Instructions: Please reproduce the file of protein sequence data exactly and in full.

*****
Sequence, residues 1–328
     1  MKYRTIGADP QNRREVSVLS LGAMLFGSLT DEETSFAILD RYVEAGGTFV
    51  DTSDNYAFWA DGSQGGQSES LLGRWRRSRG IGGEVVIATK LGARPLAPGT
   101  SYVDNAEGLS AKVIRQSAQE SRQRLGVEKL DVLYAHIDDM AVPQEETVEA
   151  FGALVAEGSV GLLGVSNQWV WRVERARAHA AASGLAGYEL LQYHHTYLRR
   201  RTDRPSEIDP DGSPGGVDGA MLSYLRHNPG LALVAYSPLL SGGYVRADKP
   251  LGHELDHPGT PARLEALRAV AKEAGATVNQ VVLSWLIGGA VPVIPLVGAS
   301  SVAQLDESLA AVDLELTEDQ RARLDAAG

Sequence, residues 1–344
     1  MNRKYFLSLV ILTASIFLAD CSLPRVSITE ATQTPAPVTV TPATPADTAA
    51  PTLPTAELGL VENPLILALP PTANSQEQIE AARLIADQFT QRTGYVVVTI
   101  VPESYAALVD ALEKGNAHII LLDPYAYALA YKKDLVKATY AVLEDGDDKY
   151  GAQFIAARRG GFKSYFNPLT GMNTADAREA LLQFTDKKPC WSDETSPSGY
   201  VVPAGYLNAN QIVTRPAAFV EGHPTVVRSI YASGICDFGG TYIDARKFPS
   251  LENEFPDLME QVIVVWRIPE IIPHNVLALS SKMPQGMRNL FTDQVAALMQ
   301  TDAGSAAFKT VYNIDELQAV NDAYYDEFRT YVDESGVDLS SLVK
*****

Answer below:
Sequence, residues 1–328
     1  MKYRTIGADP QNRREVSVLS LGAMLFGSLT DEETSFAILD RYVEAGGTFV
    51  DTSDNYAFWA DGSQGGQSES LLGRWRRSRG IGGEVVIATK LGARPLAPGT
   101  SYVDNAEGLS AKVIRQSAQE SRQRLGVEKL DVLYAHIDDM AVPQEETVEA
   151  FGALVAEGSV GLLGVSNQWV WRVERARAHA AASGLAGYEL LQYHHTYLRR
   201  RTDRPSEIDP DGSPGGVDGA MLSYLRHNPG LALVAYSPLL SGGYVRADKP
   251  LGHELDHPGT PARLEALRAV AKEAGATVNQ VVLSWLIGGA VPVIPLVGAS
   301  SVAQLDESLA AVDLELTEDQ RARLDAAG

Sequence, residues 1–344
     1  MNRKYFLSLV ILTASIFLAD CSLPRVSITE ATQTPAPVTV TPATPADTAA
    51  PTLPTAELGL VENPLILALP PTANSQEQIE AARLIADQFT QRTGYVVVTI
   101  VPESYAALVD ALEKGNAHII LLDPYAYALA YKKDLVKATY AVLEDGDDKY
   151  GAQFIAARRG GFKSYFNPLT GMNTADAREA LLQFTDKKPC WSDETSPSGY
   201  VVPAGYLNAN QIVTRPAAFV EGHPTVVRSI YASGICDFGG TYIDARKFPS
   251  LENEFPDLME QVIVVWRIPE IIPHNVLALS SKMPQGMRNL FTDQVAALMQ
   301  TDAGSAAFKT VYNIDELQAV NDAYYDEFRT YVDESGVDLS SLVK